This pothole-basher from one of Halfords' in-house brands has mountain bike size 650B/27.5in wheels with lightly treaded, 1.95in wide tyres for round-town speed. That used to be unusual, but it's a spec the Subway shares with Raleigh's Strada, among others.
The aluminium frame is hung with a Shimano gear set, combining a double chainset up front with eight out back for a big range of gears. It might not have quite as many ratios in total as a bike with a triple chainset, but Halfords have smartly combined a 30-tooth smallest chainring with a 34T largest sprocket for a very low bottom gear.
It's also the cheapest bike here with disc brakes for better stopping in the wet, though if you want mudguards to make riding in the rain comfier you'll have to get the shop to add them.
From UK brand Ridgeback, the Speed comes with a rack and mudguards so you don't have to buy them separately. There's a wide gear range too, so you should find hills a doddle, and the very upright riding position will give a commanding view of the traffic.
The Speed rolls on 42mm (1.65in) tyres for pothole resistance and has V-brakes to bring it to a stop.
Because French-based sport superstore chain Decathlon sells bikes all over the Continent, its town bikes are tailored for European tastes, which means the Hoprider 100 has a feature that's rare on UK-specced bikes: dynamo lighting.
The lights are powered by a generator in the front hub so they're always ready when you need them.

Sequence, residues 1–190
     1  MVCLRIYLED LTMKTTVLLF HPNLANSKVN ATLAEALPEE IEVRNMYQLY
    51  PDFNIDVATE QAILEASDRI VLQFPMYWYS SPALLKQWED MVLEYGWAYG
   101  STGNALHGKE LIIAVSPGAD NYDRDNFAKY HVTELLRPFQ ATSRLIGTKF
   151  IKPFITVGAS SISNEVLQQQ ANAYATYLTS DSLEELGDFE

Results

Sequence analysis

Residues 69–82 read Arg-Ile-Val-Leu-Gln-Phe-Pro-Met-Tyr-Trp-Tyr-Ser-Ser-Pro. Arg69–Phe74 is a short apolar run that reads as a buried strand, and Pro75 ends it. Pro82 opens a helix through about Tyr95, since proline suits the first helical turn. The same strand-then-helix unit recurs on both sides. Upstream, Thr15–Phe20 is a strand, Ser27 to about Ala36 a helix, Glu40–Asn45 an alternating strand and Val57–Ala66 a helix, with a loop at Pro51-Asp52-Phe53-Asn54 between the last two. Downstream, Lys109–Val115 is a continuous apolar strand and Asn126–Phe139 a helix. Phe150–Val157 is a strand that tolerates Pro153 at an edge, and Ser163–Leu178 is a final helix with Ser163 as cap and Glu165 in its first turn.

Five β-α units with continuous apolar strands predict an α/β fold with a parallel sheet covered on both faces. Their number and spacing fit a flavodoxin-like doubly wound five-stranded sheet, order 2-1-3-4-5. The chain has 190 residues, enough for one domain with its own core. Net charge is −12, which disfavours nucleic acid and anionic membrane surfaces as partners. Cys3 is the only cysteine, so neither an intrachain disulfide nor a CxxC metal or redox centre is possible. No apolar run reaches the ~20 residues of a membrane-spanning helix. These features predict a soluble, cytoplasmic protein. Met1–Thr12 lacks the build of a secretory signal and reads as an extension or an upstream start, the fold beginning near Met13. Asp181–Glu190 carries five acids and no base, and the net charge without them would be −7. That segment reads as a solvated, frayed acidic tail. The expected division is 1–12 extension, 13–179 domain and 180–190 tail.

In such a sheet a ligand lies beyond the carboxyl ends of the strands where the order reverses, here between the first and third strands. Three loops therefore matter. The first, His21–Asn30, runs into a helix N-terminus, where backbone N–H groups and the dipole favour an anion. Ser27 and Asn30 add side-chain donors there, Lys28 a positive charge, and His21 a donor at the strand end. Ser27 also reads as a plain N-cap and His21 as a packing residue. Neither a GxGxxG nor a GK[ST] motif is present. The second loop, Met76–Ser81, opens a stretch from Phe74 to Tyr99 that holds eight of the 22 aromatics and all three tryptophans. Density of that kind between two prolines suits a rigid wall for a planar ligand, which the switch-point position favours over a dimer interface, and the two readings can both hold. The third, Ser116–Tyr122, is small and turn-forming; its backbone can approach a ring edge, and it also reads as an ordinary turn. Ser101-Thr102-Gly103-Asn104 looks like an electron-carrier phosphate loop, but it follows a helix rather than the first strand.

You also get a gel saddle, mudguards and rack and the Shimano Altus mechs are a notch up in quality over the gears found on cheaper bikes.
There's even a kickstand for convenient parking. It's all very Euro, and that's a good thing.
Don't judge a bike by its marketplace – this might be an affordable hybrid from family cycling expert Dawes, but the Discovery 201 combines a lively compact aluminium frame with excellent 1x Shimano drivetrain to create a bike that will inspire a smile on your commute or weekend potter.
Even in wet weather and headwinds, this is a fun and 'enthusiastic' bike to pedal. Power transfer isn't compromised and while overall weight at 12.5kg is good enough at this point in the market, the Disco actually rides as sprightly as a lighter hybrid. Acceleration from a standstill is easy and there's a definite satisfaction to be had as you spin up to higher speeds.
Want a rack and mudguards? The Discovery 201 EQ comes with them for £465.00.
The B'Twin Hoprider 500 comes with everything you need to pootle round town, to the office or the shops or just round the park for exercise. It's not the lightest hybrid ever, but it's very well specced for the money.
Off the peg, the Hoprider 500 comes with hub-powered lighting front and rear, mudguards, rack and kickstand. That's a great set of accessories for a hybrid (too often they're just a bare bike) and really makes this bike an excellent choice for commuting and other practical riding.